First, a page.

Embodiments of the present invention provide cases that clamp circuit cards within them to improve the thermal contact between the circuit cards and the cases. This substantially increases the heat transfer from circuit cards relative to the heat transfer from circuit cards that occurs when the circuit cards are not clamped within the cases, thus reducing the risk of thermal failure. In various embodiments, an actuator, such as a wedge, cam, resilient elements, or the like clamps the circuit cards within the cases.

Case 400, illustrated in FIGS. 4-6, is one embodiment of the present invention. FIG. 4 is a top view of case 400, FIG. 5 a side view taken along the line 55 in FIG. 4, and FIG. 6 a view taken along the line 66 of FIG. 4. Embodiments of the present invention provide cases that clamp circuit cards within them to improve the thermal contact between the circuit cards and the cases. Case 400 is used to confine circuit cards, e.g., circuit cards 408 a and 408 b to particular locations within an environmentally protected housing, e.g., environmentally protected housing 401. In one embodiment, circuit cards 408 a and 408 b are similar to circuit cards 108 a and 108 b and environmentally protected housing 401 is similar to housing 100. In one embodiment, case 400 confines circuit cards 408 a and 408 b to a location adjacent a wall 402 of environmentally protected housing 401. In another embodiment, a heat-sink device, such as heat-sink device 403, thermally couples case 400 to an interior surface of wall 402. In one embodiment, heat-sink device 403 is a solid block of material having thermal properties suitable for heat sinks, e.g., copper, aluminum, brass, bronze, or the like.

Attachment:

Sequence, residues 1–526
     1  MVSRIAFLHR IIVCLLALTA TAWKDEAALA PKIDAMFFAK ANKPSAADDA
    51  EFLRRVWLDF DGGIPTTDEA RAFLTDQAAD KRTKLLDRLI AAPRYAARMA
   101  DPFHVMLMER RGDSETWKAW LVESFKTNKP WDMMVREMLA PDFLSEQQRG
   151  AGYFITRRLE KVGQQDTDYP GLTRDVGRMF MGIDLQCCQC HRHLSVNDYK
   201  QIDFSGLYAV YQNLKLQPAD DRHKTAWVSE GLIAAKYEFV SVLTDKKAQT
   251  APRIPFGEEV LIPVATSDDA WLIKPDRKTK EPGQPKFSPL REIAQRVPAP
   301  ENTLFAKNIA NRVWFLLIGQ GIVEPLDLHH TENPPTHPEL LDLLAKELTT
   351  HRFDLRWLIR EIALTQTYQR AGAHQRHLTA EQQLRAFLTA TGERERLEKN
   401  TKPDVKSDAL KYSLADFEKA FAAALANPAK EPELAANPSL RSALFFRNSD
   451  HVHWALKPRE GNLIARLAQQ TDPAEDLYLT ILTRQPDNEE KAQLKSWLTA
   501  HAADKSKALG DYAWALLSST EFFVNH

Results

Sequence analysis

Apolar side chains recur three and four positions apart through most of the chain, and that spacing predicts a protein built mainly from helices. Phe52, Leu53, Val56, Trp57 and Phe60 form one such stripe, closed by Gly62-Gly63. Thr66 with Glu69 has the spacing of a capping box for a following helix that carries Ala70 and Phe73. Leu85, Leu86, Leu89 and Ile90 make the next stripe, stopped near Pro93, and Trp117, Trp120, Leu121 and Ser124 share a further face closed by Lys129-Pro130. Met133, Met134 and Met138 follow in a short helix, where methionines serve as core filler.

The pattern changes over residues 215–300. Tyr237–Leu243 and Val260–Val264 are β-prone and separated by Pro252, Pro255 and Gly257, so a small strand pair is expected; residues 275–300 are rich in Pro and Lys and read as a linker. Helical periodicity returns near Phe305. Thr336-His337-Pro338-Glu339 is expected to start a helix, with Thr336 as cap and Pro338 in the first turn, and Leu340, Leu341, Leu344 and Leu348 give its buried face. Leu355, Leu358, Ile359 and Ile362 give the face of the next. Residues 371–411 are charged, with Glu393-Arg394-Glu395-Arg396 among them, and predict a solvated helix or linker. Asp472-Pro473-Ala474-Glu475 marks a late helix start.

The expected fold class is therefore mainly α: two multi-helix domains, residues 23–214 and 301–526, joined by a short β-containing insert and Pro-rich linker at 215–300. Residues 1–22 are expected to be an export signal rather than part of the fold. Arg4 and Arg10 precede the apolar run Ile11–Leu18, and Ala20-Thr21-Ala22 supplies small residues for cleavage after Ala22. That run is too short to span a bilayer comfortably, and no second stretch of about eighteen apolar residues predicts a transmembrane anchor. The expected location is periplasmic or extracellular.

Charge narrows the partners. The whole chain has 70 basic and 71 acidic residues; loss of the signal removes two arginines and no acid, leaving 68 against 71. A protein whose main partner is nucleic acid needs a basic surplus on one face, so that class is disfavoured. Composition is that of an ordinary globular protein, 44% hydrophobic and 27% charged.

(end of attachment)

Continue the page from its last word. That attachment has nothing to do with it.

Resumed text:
Case 400 has end walls 404 and 406, sidewalls 409 and 410, and partition 412. End walls 404 and 406, sidewalls 409 and 410, and partition 412, in one embodiment, are fabricated from any thermally conducting material, such as aluminum, copper, brass, bronze, or the like. Partition 412 divides case 400 into slots 414 and 416 that respectively contain circuit cards 408 a and 408 b.

Partition 412, in one embodiment, is in slidable contact with sidewalls 409 and 410 and can slide toward end walls 404 and 406, respectively. Circuit cards 408 a and 408 b, in another embodiment, are in slidable contact with sidewalls 409 and 410 and can slide toward end walls 404 and 406, respectively. In other embodiments, thermally conducting grease is disposed between partition 412 and sidewalls 409 and 410 and/or between circuit cards 408 a and 408 b and sidewalls 409 and 410. The thermally conducting grease increases the thermal contact, and thus the heat transfer, between the partition 412 and sidewalls 409 and 410 and/or between circuit cards 408 a and 408 b and sidewalls 409 and 410. When circuit cards 408 a and 408 b are respectively inserted into slots 414 and 416, gaps 418 and 420 respectively exist between circuit cards 408 a and 408 b and partition 412 and gaps 422 and 424 respectively exist between circuit cards 408 a and 408 b and end walls 404 and 406, as shown in FIG. 4.

Case 400 includes wedge 428 insertable into gap 424. Wedge 428, in one embodiment, is fabricated from nylon, plastic, metal, or the like. In another embodiment, wedge 428 has a tab 430, and in other embodiments, an aperture 432 passes through tab 430, as shown in FIGS. 4-6. Tab 430 and aperture 432 facilitate insertion and removal of wedge 428 respectively into and from gap 424.